Exercise is safe for most individuals and adding an exercise routine to your daily regimen can support overall health. However, practicing exercise safety is essential for preventing an exercise-related injury. Walking, bicycling, dancing, golfing, and swimming are some of the safest forms of exercise, making them great choices for individuals with concerns about exercising. To find the best exercise routine for your unique needs, consult your integrative healthcare provider.
- American Red Cross. (n.d.). Swimming safety. https://www.redcross.org/get-help/how-to-prepare-for-emergencies/types-of-emergencies/water-safety/swim-safety.html
- Auger, N., Potter, B. J., Smargiassi, A., Bilodeau-Bertrand, M., Paris, C., & Kosatsky, T. (2017). Association between quantity and duration of snowfall and risk of myocardial infarction. Canadian Medical Association Journal, 189(6), E235–E242.
- Backes, T. P., & Fitzgerald, K. (2016). Fluid consumption, exercise, and cognitive performance. Biology of Sport / Institute of Sport, 33(3), 291–296.
- Convertino, V. A., Armstrong, L. E., Coyle, E. F., Mack, G. W., Sawka, M. N., Senay, L. C., Jr, & Sherman, W. M. (1996). ACSM position stand: Exercise and fluid replacement. Medicine & Science in Sports & Exercise, 28(10).
- Ellis, E. (2020). Hydrate right. Academy of Nutrition and Dietetics – Eat Right. https://www.eatright.org/fitness/sports-and-performance/hydrate-right/hydrate-right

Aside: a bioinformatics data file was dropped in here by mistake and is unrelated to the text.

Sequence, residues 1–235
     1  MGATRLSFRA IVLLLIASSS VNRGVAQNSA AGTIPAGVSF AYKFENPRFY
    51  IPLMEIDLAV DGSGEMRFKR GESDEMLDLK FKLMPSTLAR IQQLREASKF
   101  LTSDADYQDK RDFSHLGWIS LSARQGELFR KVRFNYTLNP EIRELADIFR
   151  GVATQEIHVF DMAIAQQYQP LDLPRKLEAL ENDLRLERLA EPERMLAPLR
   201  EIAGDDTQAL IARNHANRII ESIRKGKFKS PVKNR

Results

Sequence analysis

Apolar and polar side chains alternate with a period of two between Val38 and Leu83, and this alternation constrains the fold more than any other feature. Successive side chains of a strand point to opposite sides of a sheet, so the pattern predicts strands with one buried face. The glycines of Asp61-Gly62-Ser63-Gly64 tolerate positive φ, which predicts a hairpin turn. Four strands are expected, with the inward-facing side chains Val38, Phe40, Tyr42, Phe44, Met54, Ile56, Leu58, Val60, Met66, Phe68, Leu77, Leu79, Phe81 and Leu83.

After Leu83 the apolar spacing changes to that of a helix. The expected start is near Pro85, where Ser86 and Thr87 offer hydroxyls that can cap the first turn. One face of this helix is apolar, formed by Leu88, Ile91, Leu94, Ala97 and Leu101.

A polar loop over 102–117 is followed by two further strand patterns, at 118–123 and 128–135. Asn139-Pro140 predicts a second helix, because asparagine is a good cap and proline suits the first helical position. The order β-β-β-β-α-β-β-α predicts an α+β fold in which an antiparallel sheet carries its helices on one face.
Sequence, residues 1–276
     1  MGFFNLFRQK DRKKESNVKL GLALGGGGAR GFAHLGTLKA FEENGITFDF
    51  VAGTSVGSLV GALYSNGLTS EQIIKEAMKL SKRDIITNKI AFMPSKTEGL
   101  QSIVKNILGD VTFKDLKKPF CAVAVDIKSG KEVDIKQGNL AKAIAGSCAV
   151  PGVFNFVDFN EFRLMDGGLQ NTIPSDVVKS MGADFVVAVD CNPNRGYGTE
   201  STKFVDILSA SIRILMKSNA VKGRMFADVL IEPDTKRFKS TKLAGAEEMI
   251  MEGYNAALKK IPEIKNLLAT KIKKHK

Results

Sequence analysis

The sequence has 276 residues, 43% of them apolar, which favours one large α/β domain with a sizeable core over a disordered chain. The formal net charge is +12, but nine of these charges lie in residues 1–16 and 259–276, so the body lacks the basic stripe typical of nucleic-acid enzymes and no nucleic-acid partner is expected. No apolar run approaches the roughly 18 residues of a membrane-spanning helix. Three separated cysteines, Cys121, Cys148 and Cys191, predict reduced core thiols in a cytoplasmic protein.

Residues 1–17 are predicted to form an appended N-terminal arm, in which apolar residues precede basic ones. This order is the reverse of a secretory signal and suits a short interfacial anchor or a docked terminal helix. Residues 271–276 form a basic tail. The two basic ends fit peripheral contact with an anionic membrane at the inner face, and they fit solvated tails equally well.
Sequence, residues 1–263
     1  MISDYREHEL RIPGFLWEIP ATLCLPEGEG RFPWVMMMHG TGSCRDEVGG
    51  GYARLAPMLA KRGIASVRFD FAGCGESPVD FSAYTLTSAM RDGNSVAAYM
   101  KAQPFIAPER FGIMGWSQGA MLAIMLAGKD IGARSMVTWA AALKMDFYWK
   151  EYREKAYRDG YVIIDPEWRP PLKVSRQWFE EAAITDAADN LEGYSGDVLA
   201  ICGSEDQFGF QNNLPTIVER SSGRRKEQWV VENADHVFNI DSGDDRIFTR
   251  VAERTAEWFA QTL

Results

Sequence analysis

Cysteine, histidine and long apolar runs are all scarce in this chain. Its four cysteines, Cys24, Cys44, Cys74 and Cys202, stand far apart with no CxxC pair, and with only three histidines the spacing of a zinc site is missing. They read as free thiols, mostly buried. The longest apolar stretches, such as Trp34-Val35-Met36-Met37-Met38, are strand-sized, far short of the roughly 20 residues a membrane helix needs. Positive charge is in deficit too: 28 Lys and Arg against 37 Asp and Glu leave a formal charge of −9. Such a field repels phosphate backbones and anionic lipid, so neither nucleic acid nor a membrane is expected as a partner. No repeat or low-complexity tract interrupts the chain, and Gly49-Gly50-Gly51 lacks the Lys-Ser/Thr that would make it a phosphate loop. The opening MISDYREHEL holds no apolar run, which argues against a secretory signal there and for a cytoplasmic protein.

- Ellis, E. (2021). Exercise safely in hot weather. Academy of Nutrition and Dietetics – Eat Right. https://www.eatright.org/fitness/sports-and-performance/hydrate-right/exercise-safely-in-hot-weather
- Halabchi, F., & Hassabi, M. (2020). Acute ankle sprain in athletes: Clinical aspects and algorithmic approach. World Journal of Orthopedics, 11(12), 534–558.
- Markus, I., Constantini, K., Hoffman, J. R., Bartolomei, S., & Gepner, Y. (2021). Exercise-induced muscle damage: Mechanism, assessment and nutritional factors to accelerate recovery. European Journal of Applied Physiology, 121(4), 969–992.
- National Institutes of Health. (2020). How to avoid exercise injuries. MedlinePlus. https://medlineplus.gov/ency/patientinstructions/000859.htm
- Texas Department of Public Safety. (n.d.). Proper hydration for exercise – water or sports drinks. https://www.dps.texas.gov/section/training-operations-tod/proper-hydration-exercise-water-or-sports-drinks
- U.S. Department of Health and Human Services. (2019). Physical activity guidelines for Americans 2nd edition. https://health.gov/sites/default/files/2019-09/Physical_Activity_Guidelines_2nd_edition.pdf
- U.S. Department of Veterans Affairs. (n.d.). Tips for cold weather physical activity. https://www.move.va.gov/docs/NewHandouts/PhysicalActivity/P17_TipsForColdWeatherActivity.pdf
- U.S. Department of Veterans Affairs. (2021). Five tips for winter exercise. https://www.myhealth.va.gov/mhv-portal-web/ss20190116-winter-proof-your-workout
- Victoria State Government. (2015). Exercise safety. Better Health. https://www.betterhealth.vic.gov.au/health/healthyliving/exercise-safety
- Victoria State Government. (2018). Exercise – the low-down on hydration. Better Health Channel. https://www.betterhealth.vic.gov.au/health/healthyliving/Exercise-the-low-down-on-water-and-drinks
- Vuurberg, G., Hoorntje, A., Wink, L. M., van der Doelen, B. F. W., van den Bekerom, M. P., Dekker, R., van Dijk, C. N., … & Kerkhoffs, G. M. M. J. (2018). Diagnosis, treatment and prevention of ankle sprains: Update of an evidence-based clinical guideline. British Journal of Sports Medicine, 52(15), 956